Try engaging students by using the student fishbowl, where a group of students circled in the middle demonstrate for the outside group. Before any activity or project, be sure to model what you want and how it will look when they have completed the task. You can even give them a rubric to follow along so they know what to expect.
High School Statutory Authority: All expectations apply to ESOL I students; however, it is imperative to recognize critical processes and features of second language acquisition and to provide appropriate instruction to enable students to meet these standards.
While ELLs can analyze, synthesize, and evaluate, their level of English proficiency may impede their ability to demonstrate this knowledge during the initial stages of English language acquisition. For this reason, comprehension of text requires additional scaffolds that include adapted text e.
ELLs can and should be encouraged to use their knowledge of their first language e. Students can be expected to transfer those skills to English and progress rapidly in learning in English. ELLs are challenged in working with linguistic, cognitive, and academic development in all of their coursework and in a new language.
Their academic success depends on their ability to use academic language. In some instances, second language learners undergo silent periods of varying durations when they first begin to learn a new language.
Students often understand more than they can produce and may repeat words in sentences that they do not entirely understand. Second language learners may also draw upon the resources of their language and culture as they acquire a new language and culture. Social language proficiency in English consists of the English needed for daily social interactions.
Academic language proficiency consists of the English needed to think critically, understand and learn new concepts, process complex academic material, and interact and communicate in English academic settings. Academic language and grammatical structures are used across all subject areas and is specific to the content area, such as language arts, mathematics, science, and social studies.
Current research stresses the importance of effectively integrating second language acquisition with quality content area education in order to ensure that ELLs acquire social and academic language proficiency in English, learn the knowledge and skills, and reach their full academic potential.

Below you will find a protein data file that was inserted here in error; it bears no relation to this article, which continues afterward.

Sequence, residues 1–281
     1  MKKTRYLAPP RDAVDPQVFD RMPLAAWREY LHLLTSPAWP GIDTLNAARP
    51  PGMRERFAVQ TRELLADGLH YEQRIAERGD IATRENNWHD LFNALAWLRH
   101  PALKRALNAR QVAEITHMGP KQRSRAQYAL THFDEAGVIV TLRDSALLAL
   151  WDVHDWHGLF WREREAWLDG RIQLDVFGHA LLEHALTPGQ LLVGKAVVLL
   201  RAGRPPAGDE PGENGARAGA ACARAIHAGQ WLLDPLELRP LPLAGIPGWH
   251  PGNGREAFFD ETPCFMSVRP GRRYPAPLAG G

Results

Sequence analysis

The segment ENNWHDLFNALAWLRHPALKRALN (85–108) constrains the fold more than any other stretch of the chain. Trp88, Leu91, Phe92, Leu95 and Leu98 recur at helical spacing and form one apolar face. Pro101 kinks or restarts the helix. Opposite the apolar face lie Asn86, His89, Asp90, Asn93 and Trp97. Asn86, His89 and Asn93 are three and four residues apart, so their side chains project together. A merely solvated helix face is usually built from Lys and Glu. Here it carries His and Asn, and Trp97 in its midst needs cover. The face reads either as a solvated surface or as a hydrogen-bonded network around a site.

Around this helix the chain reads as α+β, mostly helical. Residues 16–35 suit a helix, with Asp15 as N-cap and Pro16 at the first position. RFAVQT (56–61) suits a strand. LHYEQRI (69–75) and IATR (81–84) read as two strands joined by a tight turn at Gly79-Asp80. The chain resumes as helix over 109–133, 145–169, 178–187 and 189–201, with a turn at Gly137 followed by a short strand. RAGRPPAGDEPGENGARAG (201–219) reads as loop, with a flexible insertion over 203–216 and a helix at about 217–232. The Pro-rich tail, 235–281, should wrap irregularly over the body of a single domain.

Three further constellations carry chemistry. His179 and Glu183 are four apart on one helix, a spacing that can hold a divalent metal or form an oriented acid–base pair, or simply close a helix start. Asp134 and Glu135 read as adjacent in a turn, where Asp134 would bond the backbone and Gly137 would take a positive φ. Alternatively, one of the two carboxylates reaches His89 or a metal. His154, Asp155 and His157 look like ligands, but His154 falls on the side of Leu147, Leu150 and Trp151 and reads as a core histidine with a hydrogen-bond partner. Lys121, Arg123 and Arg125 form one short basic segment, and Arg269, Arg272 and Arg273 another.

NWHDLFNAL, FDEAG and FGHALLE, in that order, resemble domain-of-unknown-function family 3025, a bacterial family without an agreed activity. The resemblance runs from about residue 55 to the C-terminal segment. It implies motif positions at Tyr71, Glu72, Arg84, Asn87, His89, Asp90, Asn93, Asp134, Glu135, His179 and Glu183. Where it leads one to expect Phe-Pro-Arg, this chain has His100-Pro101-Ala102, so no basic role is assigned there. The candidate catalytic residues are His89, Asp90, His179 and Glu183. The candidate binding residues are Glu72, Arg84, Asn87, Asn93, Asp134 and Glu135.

Literacy development across the content areas is essential in building academic skills in a second language and can accelerate the learning of both English language skills and higher-order thinking skills.
Proficiency levels are not grade specific: Beginning, Intermediate, Advanced, and Advanced High. The ELL student may exhibit different proficiency levels within the four language components: A student may exhibit oral skills at the advanced level, reading skills at the intermediate level, and writing skills at the beginning level.
Understanding the level of English language proficiency of the student is critical in order for the student to have access to the curriculum. The proficiency level of the student determines the accommodations in language that must be made e.
Any combination of the language components is possible and is affected by opportunities for interaction in and outside of school.EFFECTIVE WRITING ASSIGNMENTS Scaffolding Formal Assignments Just as a construction worker on the outside of a building climbs the scaffolding one floor at a time, students need to climb intellectual.
When the Web was still young, Bernie Dodge, a professor at San Diego State University, came up with the idea of the WebQuest, a model for integrating the use of the Web in classroom activities. Differentiation Overview Learning Environment Ongoing Assessment Process Content Product Learning Profile Interests Readiness 1.
Start with excellent science teaching. 2. Cognitive Load and Multimedia 2 (Intrinsic) Cognitive load theory relates to the capacity of working memory and its effect on long-term memory schema acquisition. In this issue, we begin with an example of using “scaffolding.” Mr.
Friedman, an accomplished, conscientious 5th grade teacher, prides himself in his ability to find “keys to learning” for his students. My students collect, write about, and "publish" four interesting new vocabulary words from their reading assignments each week.
Every other Friday, we host a "Vocabulary Workshop" where my students teach their new words to their classmates.